Bloomberg News

China Coal Price Rises as Qinhuangdao Stockpiles Plunge 25%

October 10, 2011

(Updates with port inventories in third paragraph.)

Oct. 10 (Bloomberg) -- Coal for generating power rose at China’s Qinhuangdao port as inventories plunged to the lowest level in two years as utilities bought more before winter.

Coal with an energy value of 5,500 kilocalories per kilogram rose 0.6 percent to a range of 840 yuan ($132) to 850 yuan a metric ton yesterday, compared with two weeks earlier, according to data today from the China Coal Transport and Distribution Association. The association didn’t publish data a week ago because of a national holiday.

Stockpiles at the port, which ships half of China’s seaborne coal supplies, fell 25 percent to 4.41 million tons from two weeks earlier. That’s the lowest level since inventories dropped to 4.06 million tons on Oct. 11, 2009.

Power plants in China typically start buying fuel from late September before peak heating demand during the colder months. This year, the biggest railway carrying coal from the northern mining province of Shanxi to Qinhuangdao started repairs on Sept. 21 for as long as 15 days, according to the Qinhuangdao Seaborne Coal Market industry website. The Daqin Railway repairs would cut daily capacity by 300,000 tons, the website said.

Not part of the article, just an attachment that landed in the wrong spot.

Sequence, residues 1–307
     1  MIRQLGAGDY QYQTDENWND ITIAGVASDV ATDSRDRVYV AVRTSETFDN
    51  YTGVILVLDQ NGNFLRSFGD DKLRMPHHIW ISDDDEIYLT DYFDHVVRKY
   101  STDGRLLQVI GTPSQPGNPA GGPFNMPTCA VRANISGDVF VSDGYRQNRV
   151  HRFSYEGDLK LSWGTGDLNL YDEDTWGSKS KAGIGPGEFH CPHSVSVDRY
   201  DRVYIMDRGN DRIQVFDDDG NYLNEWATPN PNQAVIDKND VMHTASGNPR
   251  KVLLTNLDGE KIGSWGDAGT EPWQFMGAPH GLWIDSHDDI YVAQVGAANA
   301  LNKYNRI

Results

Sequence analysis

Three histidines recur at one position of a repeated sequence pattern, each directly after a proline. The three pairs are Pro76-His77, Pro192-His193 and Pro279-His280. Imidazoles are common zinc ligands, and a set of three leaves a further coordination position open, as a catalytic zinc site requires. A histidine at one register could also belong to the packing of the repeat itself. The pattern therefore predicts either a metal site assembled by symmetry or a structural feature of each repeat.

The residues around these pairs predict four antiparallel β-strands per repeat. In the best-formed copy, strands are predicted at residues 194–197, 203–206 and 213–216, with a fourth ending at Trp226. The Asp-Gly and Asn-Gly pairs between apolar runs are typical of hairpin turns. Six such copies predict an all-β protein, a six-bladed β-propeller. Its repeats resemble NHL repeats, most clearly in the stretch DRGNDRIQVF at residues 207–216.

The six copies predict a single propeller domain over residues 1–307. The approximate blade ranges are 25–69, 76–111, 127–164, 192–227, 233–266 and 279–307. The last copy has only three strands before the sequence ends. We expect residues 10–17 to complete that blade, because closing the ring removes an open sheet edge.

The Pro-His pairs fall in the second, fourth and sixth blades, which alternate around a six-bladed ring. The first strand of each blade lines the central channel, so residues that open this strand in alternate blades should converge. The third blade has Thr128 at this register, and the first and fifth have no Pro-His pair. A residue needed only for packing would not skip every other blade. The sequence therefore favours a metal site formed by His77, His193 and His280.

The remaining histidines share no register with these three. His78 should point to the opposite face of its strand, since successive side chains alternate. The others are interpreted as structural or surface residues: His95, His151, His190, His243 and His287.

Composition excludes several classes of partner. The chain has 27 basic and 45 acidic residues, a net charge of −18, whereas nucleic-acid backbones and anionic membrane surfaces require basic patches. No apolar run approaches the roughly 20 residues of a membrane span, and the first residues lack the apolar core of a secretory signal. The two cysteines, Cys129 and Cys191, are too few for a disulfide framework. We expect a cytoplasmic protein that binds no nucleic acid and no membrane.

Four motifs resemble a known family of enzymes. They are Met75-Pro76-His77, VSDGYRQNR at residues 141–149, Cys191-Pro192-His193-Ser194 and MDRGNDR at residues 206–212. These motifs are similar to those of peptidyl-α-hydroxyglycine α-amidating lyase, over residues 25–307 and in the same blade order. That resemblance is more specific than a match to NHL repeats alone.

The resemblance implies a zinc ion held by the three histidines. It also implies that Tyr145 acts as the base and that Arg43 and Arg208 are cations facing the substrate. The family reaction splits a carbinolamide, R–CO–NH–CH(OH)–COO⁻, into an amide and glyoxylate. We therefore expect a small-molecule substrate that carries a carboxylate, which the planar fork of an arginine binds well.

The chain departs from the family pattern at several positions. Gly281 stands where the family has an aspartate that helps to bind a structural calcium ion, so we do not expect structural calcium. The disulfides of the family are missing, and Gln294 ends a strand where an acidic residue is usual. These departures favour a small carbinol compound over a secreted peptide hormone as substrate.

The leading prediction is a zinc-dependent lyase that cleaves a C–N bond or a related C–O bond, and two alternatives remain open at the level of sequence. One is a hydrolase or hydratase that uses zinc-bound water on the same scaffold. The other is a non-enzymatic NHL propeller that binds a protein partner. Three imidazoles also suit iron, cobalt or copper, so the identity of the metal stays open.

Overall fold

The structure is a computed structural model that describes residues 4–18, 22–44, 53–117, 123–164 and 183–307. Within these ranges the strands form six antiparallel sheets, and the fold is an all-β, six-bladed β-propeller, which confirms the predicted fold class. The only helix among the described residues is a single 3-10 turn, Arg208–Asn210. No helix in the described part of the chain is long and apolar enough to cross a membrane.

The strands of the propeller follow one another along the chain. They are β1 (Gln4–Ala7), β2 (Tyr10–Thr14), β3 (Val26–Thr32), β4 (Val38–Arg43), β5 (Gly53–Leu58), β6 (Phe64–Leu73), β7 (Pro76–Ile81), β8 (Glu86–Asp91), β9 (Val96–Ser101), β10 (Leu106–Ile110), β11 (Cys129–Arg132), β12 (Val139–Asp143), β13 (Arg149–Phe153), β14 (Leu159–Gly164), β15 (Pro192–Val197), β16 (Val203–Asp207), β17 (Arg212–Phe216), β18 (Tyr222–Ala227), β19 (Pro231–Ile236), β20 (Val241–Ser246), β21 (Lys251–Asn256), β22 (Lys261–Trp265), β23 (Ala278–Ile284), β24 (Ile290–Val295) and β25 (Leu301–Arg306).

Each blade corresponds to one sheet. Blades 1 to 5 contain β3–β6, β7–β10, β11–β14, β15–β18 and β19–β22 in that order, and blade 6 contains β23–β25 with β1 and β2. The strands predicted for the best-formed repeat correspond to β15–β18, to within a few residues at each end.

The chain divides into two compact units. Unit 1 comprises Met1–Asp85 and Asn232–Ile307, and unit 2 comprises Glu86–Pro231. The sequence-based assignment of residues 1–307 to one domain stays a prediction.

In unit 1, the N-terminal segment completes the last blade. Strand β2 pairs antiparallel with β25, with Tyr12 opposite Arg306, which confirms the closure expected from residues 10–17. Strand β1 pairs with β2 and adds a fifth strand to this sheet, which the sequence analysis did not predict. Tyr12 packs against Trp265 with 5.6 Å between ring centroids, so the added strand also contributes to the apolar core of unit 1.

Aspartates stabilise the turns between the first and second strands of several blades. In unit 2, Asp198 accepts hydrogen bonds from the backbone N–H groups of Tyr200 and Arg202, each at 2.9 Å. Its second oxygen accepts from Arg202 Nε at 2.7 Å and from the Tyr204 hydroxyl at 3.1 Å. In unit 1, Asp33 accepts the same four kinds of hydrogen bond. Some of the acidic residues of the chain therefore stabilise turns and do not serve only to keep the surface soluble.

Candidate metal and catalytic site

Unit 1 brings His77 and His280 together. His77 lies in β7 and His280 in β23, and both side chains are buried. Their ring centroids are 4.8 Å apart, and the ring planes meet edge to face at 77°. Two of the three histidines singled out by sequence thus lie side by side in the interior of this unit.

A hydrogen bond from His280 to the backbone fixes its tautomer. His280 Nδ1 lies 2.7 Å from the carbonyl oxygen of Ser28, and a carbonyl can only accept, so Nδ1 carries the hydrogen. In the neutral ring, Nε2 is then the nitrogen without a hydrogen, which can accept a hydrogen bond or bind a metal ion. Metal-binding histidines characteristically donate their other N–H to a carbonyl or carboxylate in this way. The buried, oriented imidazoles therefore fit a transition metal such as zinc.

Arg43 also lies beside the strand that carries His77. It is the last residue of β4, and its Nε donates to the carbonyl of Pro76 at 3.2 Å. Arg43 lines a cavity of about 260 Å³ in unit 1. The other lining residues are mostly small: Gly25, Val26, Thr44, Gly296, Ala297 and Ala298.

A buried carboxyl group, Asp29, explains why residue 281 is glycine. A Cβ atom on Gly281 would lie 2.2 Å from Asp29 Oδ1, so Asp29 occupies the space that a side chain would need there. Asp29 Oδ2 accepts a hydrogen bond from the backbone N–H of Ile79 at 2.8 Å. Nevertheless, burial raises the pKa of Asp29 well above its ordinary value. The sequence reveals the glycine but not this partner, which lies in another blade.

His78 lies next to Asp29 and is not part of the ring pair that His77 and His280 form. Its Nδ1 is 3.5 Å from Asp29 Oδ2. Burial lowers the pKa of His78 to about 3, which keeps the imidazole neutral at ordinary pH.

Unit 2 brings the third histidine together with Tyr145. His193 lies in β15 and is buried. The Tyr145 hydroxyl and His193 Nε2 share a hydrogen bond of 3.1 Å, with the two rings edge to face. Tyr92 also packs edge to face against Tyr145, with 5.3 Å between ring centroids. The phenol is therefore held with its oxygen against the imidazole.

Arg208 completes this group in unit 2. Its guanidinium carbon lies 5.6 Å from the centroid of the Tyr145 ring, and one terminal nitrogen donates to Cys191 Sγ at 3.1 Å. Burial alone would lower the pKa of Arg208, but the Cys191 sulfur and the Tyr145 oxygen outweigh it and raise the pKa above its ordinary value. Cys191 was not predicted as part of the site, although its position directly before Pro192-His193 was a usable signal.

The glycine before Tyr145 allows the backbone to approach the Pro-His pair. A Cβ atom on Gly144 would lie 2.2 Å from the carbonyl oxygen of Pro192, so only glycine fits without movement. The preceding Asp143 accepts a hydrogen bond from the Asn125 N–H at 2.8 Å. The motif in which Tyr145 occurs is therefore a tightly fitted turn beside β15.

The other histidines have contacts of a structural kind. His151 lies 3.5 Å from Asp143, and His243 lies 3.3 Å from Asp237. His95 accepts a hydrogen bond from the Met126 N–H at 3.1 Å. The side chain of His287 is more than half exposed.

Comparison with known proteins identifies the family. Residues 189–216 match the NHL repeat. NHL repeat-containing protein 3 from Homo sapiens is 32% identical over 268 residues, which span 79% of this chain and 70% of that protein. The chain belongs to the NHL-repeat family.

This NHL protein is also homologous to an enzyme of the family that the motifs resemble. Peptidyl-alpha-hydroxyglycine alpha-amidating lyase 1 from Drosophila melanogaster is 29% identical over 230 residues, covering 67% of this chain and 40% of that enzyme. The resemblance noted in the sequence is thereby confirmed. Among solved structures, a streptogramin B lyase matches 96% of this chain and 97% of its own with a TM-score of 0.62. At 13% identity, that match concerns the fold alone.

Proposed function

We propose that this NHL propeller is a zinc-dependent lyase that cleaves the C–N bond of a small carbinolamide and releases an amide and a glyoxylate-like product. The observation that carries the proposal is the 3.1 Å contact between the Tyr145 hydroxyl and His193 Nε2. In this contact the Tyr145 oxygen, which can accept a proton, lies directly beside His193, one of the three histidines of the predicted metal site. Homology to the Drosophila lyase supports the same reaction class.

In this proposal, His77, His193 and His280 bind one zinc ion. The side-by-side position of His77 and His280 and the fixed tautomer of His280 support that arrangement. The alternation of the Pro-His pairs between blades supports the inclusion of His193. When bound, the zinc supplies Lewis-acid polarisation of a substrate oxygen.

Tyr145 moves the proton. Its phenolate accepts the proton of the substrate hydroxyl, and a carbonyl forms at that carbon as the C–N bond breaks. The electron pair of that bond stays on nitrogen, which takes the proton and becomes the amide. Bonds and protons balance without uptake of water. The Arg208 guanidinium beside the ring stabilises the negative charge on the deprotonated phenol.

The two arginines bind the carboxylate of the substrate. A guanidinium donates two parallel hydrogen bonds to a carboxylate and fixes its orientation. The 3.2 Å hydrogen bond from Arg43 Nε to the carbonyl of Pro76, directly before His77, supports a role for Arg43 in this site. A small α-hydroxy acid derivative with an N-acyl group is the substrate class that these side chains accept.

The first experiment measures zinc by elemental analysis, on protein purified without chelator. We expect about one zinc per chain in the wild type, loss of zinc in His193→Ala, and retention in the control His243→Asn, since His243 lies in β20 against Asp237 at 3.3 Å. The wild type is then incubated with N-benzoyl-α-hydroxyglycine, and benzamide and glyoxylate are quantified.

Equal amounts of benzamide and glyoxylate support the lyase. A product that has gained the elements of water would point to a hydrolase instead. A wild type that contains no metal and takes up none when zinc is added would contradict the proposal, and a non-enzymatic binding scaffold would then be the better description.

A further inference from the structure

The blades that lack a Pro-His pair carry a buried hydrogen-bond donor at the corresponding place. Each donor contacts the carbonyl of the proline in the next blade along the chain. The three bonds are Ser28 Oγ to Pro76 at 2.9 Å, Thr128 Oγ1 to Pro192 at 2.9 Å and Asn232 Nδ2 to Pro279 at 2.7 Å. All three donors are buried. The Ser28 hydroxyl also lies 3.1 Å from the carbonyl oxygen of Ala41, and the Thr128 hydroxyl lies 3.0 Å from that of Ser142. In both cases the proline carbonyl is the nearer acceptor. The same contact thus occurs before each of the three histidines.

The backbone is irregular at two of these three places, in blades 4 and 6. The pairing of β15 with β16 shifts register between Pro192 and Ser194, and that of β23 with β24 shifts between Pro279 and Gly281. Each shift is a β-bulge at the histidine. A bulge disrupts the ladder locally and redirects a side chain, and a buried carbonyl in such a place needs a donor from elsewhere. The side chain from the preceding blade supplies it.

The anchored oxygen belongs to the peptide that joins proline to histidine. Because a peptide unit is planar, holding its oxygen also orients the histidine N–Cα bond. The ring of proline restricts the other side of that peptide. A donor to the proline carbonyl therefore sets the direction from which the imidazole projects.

“Stockpiles fell as supplies reaching Qinhuangdao decreased because of the Daqin maintenance,” according to a report published on the association’s website today. “Demand for coal also has risen as major power stations and heating companies started stockpiling coal early.”

Coal prices at Qinhuangdao are expected to remain steady in October as rising domestic demand is offset by increasing imports, the association said in the report.

China’s coal imports rose to a record 17.5 million tons in July, according to customs data. Overseas purchases fell to 16.6 million tons in August, still 27 percent above the 13.1 million- ton monthly average from January to August.

--Editors: Mike Anderson, Paul Gordon.

To contact the reporter on this story: Chua Baizhen in Beijing at bchua14@bloomberg.net


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